Is your health plan's administrative platform a well-oiled machine or an antiquated contraption pieced together with multiple, disparate point solutions? Does it work in synchronous perfection, or does it produce a cacophony of noise, becoming less harmonious with each upgrade, addition or change?
The answers to these questions hinge not only on the quality of the solutions on your platform, but on the quality of their integration. Plans that opt to patch together several point solutions—for claims processing, risk adjustment, medical management and more—take on the challenge of keeping all the pieces working in unison to support efficient plan operations and top-quality member care.
However, as organizations demand more from their services and software partners to meet the many challenges of operating a health plan, more leaders are discovering that connecting point solutions isn't the answer.
So how do you know whether your platform is suited to support today's challenges, whether it's on the road to becoming obsolete or— even worse—already there? Here are four signs that you should stop and take stock of your organization's approach to health plan administration.
- Integration limitations are causing your medical management teams to work in silos. Despite the need for care and utilization management teams to partner on a member's overall health care experience, they use separate systems. Care managers rely on a point solution, while utilization management workflow is tied into the claims processing system. Instead of being able to work collaboratively on decisions such as medical necessity, discharge planning and care plan development, these teams work in operational silos, which can lead to gaps in care, missed opportunities for interventions, and unnecessary utilization. Integration here is critical. By breaking down these historical data barriers, care teams get much clearer line of sight on relevant utilization activity for their members while providing additional clinical context for nurse reviewers and medical directors to make appropriate medical necessity decisions.
- Minor IT changes become major fixes. Many solutions out there say they're integrated, but in reality, their "integrated" solution is a complex web of disparate vendor data interfaces that sucks up your valuable IT and administrative resources to keep the solution working correctly. Software solutions upgrade their systems from time to time, so when you're patching together multiple point solutions, IT or product changes to one of your vendors can have a major ripple effect across your entire platform. Your IT resources are consumed to ensure data formats align, and subcontractor management becomes unwieldy. Instead, when you're working in a controlled, truly integrated platform, solution updates contemplate impacts to other areas, and subcontractors are managed through a single partner entity, reducing the IT burden on your organization.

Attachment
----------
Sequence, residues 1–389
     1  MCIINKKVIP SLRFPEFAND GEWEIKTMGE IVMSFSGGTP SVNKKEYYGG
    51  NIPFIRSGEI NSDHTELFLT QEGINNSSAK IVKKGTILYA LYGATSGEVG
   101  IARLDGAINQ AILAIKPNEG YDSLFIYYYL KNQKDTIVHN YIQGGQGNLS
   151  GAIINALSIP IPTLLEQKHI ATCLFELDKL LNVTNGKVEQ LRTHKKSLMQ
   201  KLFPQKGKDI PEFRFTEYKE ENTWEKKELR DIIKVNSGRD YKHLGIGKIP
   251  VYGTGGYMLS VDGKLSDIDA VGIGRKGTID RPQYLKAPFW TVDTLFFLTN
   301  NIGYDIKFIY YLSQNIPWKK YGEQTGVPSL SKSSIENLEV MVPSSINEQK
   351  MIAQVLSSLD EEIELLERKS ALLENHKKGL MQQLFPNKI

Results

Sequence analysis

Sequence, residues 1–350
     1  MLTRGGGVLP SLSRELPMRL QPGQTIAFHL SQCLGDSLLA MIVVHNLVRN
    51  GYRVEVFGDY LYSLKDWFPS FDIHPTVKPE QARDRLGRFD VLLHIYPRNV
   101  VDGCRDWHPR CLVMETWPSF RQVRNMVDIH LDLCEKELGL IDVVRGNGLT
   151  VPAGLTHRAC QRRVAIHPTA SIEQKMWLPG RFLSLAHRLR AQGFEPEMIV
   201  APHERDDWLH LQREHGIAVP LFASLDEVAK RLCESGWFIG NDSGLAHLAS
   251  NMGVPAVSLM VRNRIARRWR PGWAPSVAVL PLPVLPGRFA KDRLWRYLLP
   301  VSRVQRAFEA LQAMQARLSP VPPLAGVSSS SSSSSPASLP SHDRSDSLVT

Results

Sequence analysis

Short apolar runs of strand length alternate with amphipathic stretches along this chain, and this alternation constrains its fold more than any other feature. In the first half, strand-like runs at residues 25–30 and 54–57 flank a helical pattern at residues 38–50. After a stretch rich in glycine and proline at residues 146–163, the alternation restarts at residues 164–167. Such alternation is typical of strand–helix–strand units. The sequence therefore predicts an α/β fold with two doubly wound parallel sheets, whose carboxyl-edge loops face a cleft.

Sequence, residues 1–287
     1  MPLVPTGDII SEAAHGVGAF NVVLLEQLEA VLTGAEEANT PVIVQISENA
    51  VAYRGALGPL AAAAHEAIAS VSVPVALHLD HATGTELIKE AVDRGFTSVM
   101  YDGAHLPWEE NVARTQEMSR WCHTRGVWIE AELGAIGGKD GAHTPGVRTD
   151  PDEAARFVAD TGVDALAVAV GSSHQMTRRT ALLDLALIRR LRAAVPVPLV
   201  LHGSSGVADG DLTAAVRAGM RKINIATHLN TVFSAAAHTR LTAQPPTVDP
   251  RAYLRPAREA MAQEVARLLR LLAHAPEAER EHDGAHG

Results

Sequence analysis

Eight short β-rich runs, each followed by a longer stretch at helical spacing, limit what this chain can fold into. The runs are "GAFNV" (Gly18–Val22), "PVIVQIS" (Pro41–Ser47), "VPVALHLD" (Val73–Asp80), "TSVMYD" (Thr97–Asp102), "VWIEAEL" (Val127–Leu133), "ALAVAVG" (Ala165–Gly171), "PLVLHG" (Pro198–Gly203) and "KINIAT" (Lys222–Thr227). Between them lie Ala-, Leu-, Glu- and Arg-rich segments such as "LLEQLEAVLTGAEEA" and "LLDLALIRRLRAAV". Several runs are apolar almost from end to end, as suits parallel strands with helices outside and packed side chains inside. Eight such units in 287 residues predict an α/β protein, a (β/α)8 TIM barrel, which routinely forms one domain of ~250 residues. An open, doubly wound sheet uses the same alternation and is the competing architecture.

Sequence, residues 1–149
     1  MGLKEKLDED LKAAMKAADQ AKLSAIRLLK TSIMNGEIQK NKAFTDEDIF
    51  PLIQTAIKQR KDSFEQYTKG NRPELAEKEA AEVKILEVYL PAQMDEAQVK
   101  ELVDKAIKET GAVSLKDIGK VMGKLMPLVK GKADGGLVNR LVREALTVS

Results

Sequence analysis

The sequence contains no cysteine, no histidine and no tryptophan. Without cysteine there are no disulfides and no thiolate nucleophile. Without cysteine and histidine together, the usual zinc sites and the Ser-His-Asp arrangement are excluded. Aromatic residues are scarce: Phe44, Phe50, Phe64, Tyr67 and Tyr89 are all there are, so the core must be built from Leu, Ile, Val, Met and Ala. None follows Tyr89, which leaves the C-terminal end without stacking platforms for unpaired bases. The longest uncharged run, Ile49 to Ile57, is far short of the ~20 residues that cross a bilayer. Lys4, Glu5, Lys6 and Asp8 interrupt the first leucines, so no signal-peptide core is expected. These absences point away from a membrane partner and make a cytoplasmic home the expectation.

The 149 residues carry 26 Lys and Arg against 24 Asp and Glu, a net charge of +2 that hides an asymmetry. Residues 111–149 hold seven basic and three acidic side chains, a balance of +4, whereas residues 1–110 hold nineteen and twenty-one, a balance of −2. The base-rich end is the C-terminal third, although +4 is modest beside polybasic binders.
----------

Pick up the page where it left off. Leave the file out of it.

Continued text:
- Provider data management issues are causing significant operational challenges. Provider data management is a challenge for every organization, and issues with poor provider data can manifest themselves in many ways. These include lower than desired claims auto-adjudication rates and inappropriate provider attribution, causing contracted providers to question the accuracy of the data and disengage. Having accurate provider data is too important to be an afterthought within your administrative platform. An integrated provider data management application that serves as a dynamic directory of your networks and contracts should be at the core of your platform and act as the single source of truth for all clinical and administrative functions that your technology solution supports.
- Your platform isn't allowing you to meet providers where they are—working in the EMR. With a national shortage of providers, and increasing regulatory and reporting pressure being applied, physicians are overwhelmed with the multiple systems, tools and reports they need to keep track of. Instead of simply being another solution that providers need to navigate, a modernized administrative platform should be able to integrate with the providers' primary workflow system, the EMR, and pushes actionable information to providers at the point of care. This means sharing data that historically has sat outside of the four walls of the clinic, including member care plans and information from your plans' care management efforts, such as member goals, interventions and barriers. In addition, your platform should be able to send relevant risk adjustment insights directly into the EMR, which enable providers to document members' clinical complexity correctly and results in better financial accuracy for your plan.
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About the AuthorMore Content by Michael Miller